Toyota sales continue to fall due to supply issues

The same supply shortages that have plagued Toyota Motor Corp. and every other global automaker since the start of 2021 persisted in June, helping to drive Toyota sales down 18% from a year ago.

Sales of the San Antonio-built Tundra pickup fell 7% to 7,098. It was the fewest Tundras sold in June since 2009.

The Japanese automaker began producing the redesigned Tundra late last year after a $400 million expansion at its South Side plant. Toyota also plans to start building the full-size Sequoia SUV in San Antonio this summer. Only 19 redwoods were sold last month.

Toyota’s overall sales in the first half of the year were 19% lower than the same period in 2021. In comparison, total US auto sales in the first half are expected to decline by 17% over last year, according to Cox Automotive projections.

Shortages of parts – especially computer chips – have been a major factor for nearly every automaker.

General Motors said on Friday that its second-quarter sales and profits will take a hit because it sits on 95,000 vehicles that it cannot sell because it is waiting for chips to complete them.

But despite a 15% slowdown in sales, GM snatched the crown as second-quarter leader from Toyota, which had beaten its Detroit-based rival the previous two quarters. Others reported deliveries on Friday, including Stellantis NV, Hyundai Motor Co. and Honda. All had fallen.

Toyota said output at its nine U.S. plants through May was 6% lower than a year ago “due to the impact of parts supply shortages caused by higher demand.”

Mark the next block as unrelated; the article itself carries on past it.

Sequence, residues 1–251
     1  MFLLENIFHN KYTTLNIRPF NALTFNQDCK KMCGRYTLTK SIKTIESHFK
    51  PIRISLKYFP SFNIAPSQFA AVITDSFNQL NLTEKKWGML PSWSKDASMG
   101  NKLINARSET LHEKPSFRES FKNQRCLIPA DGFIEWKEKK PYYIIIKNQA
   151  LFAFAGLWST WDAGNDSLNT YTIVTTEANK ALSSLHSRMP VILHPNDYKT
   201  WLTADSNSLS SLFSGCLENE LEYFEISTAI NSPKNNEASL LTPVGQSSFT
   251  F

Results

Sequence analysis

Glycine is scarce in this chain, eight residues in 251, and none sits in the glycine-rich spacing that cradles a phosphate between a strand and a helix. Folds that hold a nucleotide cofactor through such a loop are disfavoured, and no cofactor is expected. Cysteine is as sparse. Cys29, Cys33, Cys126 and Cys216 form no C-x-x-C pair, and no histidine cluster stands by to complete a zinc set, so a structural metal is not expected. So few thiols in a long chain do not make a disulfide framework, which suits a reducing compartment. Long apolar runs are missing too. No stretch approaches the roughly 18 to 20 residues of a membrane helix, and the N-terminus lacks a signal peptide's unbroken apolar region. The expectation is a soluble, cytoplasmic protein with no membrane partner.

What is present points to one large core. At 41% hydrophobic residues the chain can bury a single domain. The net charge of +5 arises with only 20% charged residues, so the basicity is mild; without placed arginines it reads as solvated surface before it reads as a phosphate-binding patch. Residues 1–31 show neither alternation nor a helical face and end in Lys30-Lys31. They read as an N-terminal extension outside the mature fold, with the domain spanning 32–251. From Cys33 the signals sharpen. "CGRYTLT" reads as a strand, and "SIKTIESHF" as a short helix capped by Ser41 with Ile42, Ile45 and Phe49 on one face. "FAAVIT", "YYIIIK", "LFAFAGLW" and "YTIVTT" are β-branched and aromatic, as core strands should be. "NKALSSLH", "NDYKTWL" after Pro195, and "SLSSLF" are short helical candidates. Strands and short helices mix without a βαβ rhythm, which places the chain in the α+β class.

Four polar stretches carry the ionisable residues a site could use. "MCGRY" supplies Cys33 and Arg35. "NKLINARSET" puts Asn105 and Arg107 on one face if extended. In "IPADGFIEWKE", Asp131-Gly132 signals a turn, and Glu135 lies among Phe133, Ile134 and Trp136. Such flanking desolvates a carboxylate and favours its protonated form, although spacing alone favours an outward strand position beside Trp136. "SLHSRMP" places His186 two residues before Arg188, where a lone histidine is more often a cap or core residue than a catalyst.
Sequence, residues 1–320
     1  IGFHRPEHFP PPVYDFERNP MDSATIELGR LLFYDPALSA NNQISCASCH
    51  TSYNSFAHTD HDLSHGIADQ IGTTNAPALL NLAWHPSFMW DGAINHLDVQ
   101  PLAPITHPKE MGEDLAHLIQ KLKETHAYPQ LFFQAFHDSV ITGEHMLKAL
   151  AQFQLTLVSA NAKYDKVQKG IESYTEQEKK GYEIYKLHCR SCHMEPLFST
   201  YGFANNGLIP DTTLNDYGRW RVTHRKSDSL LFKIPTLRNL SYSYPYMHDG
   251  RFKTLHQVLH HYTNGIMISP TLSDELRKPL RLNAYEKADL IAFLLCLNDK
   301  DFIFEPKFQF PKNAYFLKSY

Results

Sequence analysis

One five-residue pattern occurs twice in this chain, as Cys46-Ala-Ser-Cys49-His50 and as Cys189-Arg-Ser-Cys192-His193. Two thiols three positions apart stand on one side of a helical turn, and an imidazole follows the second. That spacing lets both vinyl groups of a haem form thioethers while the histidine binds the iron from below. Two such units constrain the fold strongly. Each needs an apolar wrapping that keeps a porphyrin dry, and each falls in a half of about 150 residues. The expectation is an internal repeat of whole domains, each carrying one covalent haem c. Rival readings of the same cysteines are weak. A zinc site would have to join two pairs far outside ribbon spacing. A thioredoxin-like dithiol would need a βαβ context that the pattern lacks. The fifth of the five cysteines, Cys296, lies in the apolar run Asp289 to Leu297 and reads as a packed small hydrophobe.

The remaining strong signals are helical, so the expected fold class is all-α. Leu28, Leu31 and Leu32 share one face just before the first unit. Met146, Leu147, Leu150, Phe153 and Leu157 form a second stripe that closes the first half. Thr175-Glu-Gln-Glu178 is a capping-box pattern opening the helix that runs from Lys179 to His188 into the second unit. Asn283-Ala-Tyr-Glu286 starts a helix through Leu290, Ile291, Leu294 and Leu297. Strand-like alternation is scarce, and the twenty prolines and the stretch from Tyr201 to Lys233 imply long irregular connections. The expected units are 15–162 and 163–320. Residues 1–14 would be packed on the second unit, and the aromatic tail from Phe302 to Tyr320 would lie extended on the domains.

Toyota also faced a cyberattack in late February that forced it to halt production at its 14 factories in Japan. In late January, the automaker temporarily cut production at its San Antonio plant in half due to rising COVID-19 cases and parts shortages.

As major automakers grapple with supply issues, production of new cars has been unable to meet consumer demand.

There were just over one million new vehicles for sale in the United States in June, compared to more than 2.7 million vehicles in inventory at the same time two years ago.

“Even though economic conditions have deteriorated in recent months, lack of supply remains the biggest headwind facing the auto industry today,” said Charlie Chesbrough, senior economist at Cox Automotive. “There has been no significant change in the conditions on the pitch since last fall.”

Tighter supply pushes prices up. The average transaction price for a new vehicle topped $47,000 for the first time in May, a 15% increase from a year ago, according to Kelley Blue Book.

So far this year, only 16% of new vehicles sold in the United States cost less than $30,000, reflecting declining affordability. Meanwhile, one in five new cars sold this year costs more than $60,000, according to Cox Automotive.

Supply issues have persisted longer than most analysts expected. Cox analysts lowered their annual new car sales forecast for the second time this year to 14.4 million, which would mean fewer cars sold in the United States this year than even in 2020, when the pandemic was ravaging the Mondial economy.

Last week, Toyota announced plans to increase global production from July to September to compensate for plant disruptions. It plans to build 800,000 vehicles in July, up from nearly 635,000 in May.

Lack of supply isn’t the only challenge facing car buyers.

Rising interest rates also make it more expensive to buy a car. The average monthly payment on a new vehicle was $698 in June, according to consumer research firm JD Power.

Despite higher interest rates and growing expectation among consumers of an impending recession, “consumer demand remains significantly outpacing available supply,” said Thomas King, president of data and analytics at JD Power. “With each additional month of inventory constraints, the pent-up demand for new vehicles grows more and more.”

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